12/25/2013 12:01:00 AM Excerpt from Draft Harbor Springs Master Plan: Ideas for Implementation
Excerpted from Draft Harbor Springs Master Plan, Nov. 2013
DIVERSIFYING THE POPULATION
The population of Harbor Springs is aging, and has been in slight decline since 2000. In addition, being a resort town significantly affects the population consistency in the off-season. A significant number of residents are empty-nesters and retirees, and therefore, by focusing on this age range's lifestyle needs, Harbor Springs can encourage community development that promotes vibrant, lively, and healthy lifestyles for people of all ages.
Issue: The population of Harbor Springs is aging, with most residents being of middle age or older.
Asset: The Downtown is comprised of an attractive historic district and boasts waterfront views. Harbor Springs is conveniently located to area amenities while still retaining its quaintness and charm.
- Focus housing development in the downtown district by encouraging upscale, amenity-driven housing units marketed towards empty-nesters and retirees.
- Encourage mixed-use housing development where possible in the downtown area.
- Support walkability and complete streets by strengthening connections between existing neighborhoods and the downtown.
- Establish passive parks and open spaces that offer outdoor dining amenities, restrooms, easily accessed walking paths, and good lighting.
Issue: Harbor Springs would like to diversify the population by being more attractive to young professionals.
Asset: The Downtown is comprised of an attractive historic district and boasts waterfront views with excellent recreational opportunities. In addition, Harbor Springs is located 10 miles from Northern Michigan Hospital.
- Develop a marketing campaign to reach professionals at the hospital, possibly consider options for living in the City.
- Encourage adaptive reuse of existing historic buildings for redeveloped housing units marketed towards the creative class and students.
- Develop live/work studio spaces at affordable rates that optimize "affordable lakefront living".
- Encourage walkability and bikeability by increasing biking infrastructure in the downtown area to include ample bike parking, bike lanes, sharrows on roads, and covered bike shelters in recreational areas.
ACTIVATING THE DOWNTOWN
The Downtown Vision Plan, which was adopted in August 2012 recommends that the City explore several options for achieving the consensus goals for Harbor Springs. The most pressing goals were to create a more year round economy, provide a wider range of goods and services downtown, bring in more entertainment options for around the clock activity, review the current parking requirements to make them more visitor friendly, increase residency downtown, and diversify the range of housing choices.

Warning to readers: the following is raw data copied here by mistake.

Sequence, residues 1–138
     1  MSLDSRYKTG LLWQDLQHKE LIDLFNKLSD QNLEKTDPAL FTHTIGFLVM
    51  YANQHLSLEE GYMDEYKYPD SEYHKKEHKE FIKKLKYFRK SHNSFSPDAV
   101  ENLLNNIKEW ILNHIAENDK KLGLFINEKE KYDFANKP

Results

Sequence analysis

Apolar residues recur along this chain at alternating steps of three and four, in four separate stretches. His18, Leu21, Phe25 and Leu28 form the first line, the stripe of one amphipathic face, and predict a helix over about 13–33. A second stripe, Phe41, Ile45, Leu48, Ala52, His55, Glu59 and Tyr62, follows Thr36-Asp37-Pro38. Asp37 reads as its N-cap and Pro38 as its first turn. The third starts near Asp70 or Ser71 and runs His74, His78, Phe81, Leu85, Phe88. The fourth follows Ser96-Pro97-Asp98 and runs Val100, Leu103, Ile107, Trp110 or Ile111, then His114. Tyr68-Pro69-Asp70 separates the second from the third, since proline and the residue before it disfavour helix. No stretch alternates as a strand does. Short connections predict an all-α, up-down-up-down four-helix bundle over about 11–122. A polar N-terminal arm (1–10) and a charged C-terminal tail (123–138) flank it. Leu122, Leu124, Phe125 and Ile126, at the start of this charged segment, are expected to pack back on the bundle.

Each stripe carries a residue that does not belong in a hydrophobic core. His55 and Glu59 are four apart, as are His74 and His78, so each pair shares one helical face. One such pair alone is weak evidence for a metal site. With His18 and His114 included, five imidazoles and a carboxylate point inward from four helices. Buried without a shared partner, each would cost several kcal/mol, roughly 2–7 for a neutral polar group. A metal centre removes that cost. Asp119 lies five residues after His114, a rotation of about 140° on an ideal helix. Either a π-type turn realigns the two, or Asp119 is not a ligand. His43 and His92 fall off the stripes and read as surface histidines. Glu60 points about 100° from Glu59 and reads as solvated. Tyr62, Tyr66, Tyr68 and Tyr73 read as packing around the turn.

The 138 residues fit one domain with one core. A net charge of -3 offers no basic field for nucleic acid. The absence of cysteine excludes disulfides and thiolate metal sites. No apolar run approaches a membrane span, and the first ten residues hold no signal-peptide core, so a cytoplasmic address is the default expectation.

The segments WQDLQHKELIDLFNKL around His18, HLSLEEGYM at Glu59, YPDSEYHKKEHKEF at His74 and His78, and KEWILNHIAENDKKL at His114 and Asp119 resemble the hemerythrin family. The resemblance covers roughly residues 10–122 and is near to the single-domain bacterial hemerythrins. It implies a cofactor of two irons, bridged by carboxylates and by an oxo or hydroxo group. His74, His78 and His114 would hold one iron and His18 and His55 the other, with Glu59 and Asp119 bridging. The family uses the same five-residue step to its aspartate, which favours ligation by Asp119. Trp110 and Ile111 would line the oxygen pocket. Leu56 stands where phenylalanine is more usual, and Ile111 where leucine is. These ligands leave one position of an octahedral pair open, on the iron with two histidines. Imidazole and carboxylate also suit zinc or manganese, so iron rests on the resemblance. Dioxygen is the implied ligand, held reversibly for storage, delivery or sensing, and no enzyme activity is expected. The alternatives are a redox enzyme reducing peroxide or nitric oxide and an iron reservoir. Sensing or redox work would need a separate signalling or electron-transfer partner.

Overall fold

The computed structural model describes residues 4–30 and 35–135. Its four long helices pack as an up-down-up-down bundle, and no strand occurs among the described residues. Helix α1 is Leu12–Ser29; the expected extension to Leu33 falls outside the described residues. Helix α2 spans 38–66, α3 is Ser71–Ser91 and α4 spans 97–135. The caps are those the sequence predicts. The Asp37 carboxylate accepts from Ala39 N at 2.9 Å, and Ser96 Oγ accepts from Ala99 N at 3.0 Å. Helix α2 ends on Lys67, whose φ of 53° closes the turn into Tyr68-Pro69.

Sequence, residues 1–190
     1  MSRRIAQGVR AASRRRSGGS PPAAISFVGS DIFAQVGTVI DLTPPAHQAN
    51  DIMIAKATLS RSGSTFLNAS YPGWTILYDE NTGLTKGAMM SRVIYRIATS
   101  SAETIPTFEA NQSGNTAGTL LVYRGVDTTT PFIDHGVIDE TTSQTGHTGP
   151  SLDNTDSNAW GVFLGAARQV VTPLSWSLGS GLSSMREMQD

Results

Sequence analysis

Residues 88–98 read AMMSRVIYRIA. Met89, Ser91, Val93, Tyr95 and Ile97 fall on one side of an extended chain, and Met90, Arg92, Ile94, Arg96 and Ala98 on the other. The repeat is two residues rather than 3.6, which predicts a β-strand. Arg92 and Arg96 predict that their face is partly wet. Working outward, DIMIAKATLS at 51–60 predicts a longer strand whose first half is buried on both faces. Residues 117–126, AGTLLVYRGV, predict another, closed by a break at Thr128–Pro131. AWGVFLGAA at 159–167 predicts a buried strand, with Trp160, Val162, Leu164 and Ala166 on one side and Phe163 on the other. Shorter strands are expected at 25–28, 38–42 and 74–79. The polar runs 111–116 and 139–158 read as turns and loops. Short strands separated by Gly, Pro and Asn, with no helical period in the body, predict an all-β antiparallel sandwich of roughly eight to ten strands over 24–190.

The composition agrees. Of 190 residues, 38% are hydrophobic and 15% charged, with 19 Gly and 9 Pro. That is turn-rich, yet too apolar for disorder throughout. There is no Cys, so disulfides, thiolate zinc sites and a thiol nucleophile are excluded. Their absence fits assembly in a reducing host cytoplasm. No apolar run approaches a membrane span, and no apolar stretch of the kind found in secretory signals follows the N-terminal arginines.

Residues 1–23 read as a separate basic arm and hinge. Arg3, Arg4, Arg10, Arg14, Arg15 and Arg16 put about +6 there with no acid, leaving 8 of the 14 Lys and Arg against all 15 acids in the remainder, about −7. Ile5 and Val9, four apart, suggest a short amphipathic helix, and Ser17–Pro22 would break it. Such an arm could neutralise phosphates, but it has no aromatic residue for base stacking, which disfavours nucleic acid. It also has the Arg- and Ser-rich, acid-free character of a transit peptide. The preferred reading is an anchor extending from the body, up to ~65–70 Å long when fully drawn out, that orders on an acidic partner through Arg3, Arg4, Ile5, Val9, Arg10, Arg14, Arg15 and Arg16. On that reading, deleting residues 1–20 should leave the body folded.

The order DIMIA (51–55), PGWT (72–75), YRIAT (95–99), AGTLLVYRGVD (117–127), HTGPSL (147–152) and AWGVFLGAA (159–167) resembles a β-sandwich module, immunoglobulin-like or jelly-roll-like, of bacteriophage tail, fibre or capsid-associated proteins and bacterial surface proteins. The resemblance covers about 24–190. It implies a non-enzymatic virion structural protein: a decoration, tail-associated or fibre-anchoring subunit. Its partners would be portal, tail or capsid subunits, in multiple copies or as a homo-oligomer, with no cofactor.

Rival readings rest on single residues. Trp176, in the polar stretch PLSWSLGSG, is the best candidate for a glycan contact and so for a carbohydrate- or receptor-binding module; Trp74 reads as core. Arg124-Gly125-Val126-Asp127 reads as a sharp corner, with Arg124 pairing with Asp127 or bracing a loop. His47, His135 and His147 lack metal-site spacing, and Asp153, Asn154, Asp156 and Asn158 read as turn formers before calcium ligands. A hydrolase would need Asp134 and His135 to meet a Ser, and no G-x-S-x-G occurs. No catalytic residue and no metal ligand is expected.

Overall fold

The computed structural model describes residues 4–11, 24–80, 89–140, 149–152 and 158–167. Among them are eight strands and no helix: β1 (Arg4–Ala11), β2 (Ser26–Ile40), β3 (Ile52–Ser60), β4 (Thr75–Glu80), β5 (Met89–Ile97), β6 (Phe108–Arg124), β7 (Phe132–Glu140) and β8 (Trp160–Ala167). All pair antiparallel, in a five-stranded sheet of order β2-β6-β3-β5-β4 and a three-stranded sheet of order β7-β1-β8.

Issue: The Downtown is not activated in the off-season and during evening hours.
Asset: The Downtown is comprised of an attractive historic district and boasts waterfront views.
- Refocus Downtown as a four seasons, all hours destination for people of all ages by establishing a joint marketing association to share the costs of hosting special events such as farmers markets, art, and cultural activities in the city center.
- Organize historic downtown walking or bus tours in support of preserving historical buildings and districts during the off-season. Heritage tourism plays a major role in reviving dying downtown areas, notes Michael Burayidi in the November 2010 "Downtown Idea Exchange" article entitled "A New Four-Point Strategy for Downtown Renewal."
- Install bike racks to attract cyclists. Show support for pedestrian friendly initiatives by riding your bike downtown or walking.
- Devise a targeted marketing campaign that attracts the attention of visitors to the Old Mission Peninsula and Leelanau Wine tours and trails
IMPROVING PUBLIC FACILITIES AND SERVICES
The quality and function of the downtown is often determined by how well the characteristics of the public facilities function to serve residents and visitors alike. The master plan provides a desired framework for ensuring that public facilities and services are continually updated and improved to maintain current uses and to recognize new opportunities.
Issue: - The waterfront on East Bay Street, where State Street ends, is currently occupied by parking lots and single- use recreational tennis courts.
Asset: The waterfront is an excellent location for public recreation development.
- Determine the current parking needs and assess whether or not there are alternative places for public parking.
- Host a simulation event where the parking lots are converted into temporary uses such as an eating plaza, a children's playground, filled with landscaping and benches, or set up for a farmer's market. Gauge community interest and feedback as to the most favorable alternative.
- Explore potential designs and amenity offerings of a multi-use recreational area in place of the tennis courts, thinking about opportunities for all seasons and accessibility for all users